Albatrosses and Condors are some of the rarest scores in golf. So your goal is to read this so you know what they are, and then go get you some!
What Is An Albatross In Golf?
An albatross is a rare and highly coveted achievement in golf. Also known as a double eagle, it refers to completing a hole in three strokes under par. In other words, it is achieved by scoring a two on a par five hole or a one on a par four hole.
The term “albatross” is believed to have originated from the bird of the same name. The albatross is a large seabird that is often used as a symbol of good luck, and its rarity and majesty are thought to be similar to the difficulty and prestige of achieving an albatross in golf.
Although it is not as common as a hole-in-one or even an eagle, the albatross is still considered one of the most impressive feats in golf. It requires a combination of skill, strategy, and luck, as the player must make a long and accurate shot from the tee, followed by another precise shot to get onto the green, and then finish with a successful putt.
Achieving an albatross can be a game-changing moment in a player’s round, as it can drastically improve their score and morale. It is also a rare opportunity for spectators to witness something truly special on the course.
In professional golf, there have been a few notable instances of players achieving an albatross. The most famous is probably Gene Sarazen’s “Shot Heard ‘Round the World” at the 1935 Masters, where he hit a 4-wood from 235 yards out on the par five 15th hole, making it the first albatross ever recorded in the tournament’s history.
Other notable albatrosses in professional golf include Louis Oosthuizen’s on the par five second hole during the final round of the 2012 Masters, and Shaun Micheel’s on the par four seventh hole at the 2006 PGA Championship.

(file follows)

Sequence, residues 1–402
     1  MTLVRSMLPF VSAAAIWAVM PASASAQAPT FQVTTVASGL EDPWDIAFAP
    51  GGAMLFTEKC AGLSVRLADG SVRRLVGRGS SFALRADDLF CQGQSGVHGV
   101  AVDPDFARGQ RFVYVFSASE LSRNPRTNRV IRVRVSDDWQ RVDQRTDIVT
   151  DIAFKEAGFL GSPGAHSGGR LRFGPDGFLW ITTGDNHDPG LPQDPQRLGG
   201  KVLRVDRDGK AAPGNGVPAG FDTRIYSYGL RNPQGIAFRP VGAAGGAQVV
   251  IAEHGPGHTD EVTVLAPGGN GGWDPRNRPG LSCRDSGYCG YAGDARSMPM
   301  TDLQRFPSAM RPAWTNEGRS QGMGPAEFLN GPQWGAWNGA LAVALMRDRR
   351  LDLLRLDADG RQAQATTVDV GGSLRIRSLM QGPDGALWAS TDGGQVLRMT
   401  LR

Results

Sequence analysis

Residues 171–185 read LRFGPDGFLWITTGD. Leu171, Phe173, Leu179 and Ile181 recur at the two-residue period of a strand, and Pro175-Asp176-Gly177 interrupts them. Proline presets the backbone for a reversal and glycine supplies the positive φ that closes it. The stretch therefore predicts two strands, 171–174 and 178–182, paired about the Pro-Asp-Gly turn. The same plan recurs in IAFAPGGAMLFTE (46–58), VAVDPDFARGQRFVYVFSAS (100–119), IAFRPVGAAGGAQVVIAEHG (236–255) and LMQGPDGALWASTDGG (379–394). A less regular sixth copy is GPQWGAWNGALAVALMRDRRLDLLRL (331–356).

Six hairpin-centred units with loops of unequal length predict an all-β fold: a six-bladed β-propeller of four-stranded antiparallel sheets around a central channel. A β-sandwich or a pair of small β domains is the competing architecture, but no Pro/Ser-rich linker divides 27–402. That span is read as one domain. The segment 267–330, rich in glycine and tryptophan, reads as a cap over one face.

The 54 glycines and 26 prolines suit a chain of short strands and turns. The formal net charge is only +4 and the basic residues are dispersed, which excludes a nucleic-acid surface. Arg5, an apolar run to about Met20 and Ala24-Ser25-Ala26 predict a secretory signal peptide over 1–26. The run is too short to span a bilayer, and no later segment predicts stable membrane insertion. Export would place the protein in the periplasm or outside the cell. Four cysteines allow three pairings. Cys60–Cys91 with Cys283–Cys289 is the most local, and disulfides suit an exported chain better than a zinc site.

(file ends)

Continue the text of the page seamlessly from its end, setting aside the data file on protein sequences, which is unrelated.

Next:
The albatross is a rare and impressive achievement in golf that requires skill, strategy, and a bit of luck. Although it is not as common as a hole-in-one or even an eagle, it is still highly coveted by golfers and remains a symbol of excellence on the course.
What Is A Condor In Golf?
In the world of golf, a condor is an incredibly rare and exceptional achievement, and one that even the most accomplished golfers can only dream of achieving. Simply put, a condor is a score of four under par on a single hole, meaning that it is accomplished by completing a hole in four strokes fewer than the expected par score.
Condors are so rare that there have been only a handful of confirmed instances of this feat being achieved. In fact, many golfers may go their entire lives without even seeing a condor, let alone hitting one themselves. To put it into perspective, there have been more holes-in-one recorded in professional golf history than there have been condors.
While an albatross, or double eagle, is a highly impressive achievement, with only a handful of golfers achieving it in professional golf history, a condor takes it to an entirely different level. The albatross is achieved by scoring three strokes under par, while a condor requires four strokes under par.
In order to achieve a condor, a player must hit a hole-in-one on a par five hole or a hole-in-two on a par six hole. This means that the player must hit a shot that covers more than 500 yards in a single shot, or that they must make a hole-in-two on a hole that is 600 yards long.
To put it into perspective, the longest hole in professional golf is the 777-yard 4th hole at the Jumeirah Golf Estates in Dubai. To achieve a condor on this hole, a player would need to hit a tee shot of around 500 yards and then chip in from the remaining 277 yards, which is an almost impossible feat.
While condors are incredibly rare, they have been achieved in the past, with a few famous instances. In 2007, a player named Shaun Lynch achieved a condor on the par five 17th hole at the TPC San Antonio Oaks Course during a practice round for the Valero Texas Open. The shot was estimated to have traveled 617 yards and was hit with a driver and a putter.
Another famous instance of a condor being achieved was by Mike Crean on the par six fifth hole at the Green Valley Ranch Golf Club in Colorado. Crean hit his tee shot 517 yards, then hit a second shot 336 yards and holed out for a hole-in-two. This remains the longest hole in recorded history and the only confirmed instance of a condor on a par six hole.
A condor is an incredibly rare and exceptional achievement in golf, with only a handful of instances recorded in professional golf history. It requires a player to hit a hole-in-one on a par five or a hole-in-two on a par six, making it an almost impossible feat. While it is incredibly rare, the fact that it has been achieved at all is a testament to the skill and determination of the few golfers who have accomplished this amazing feat.
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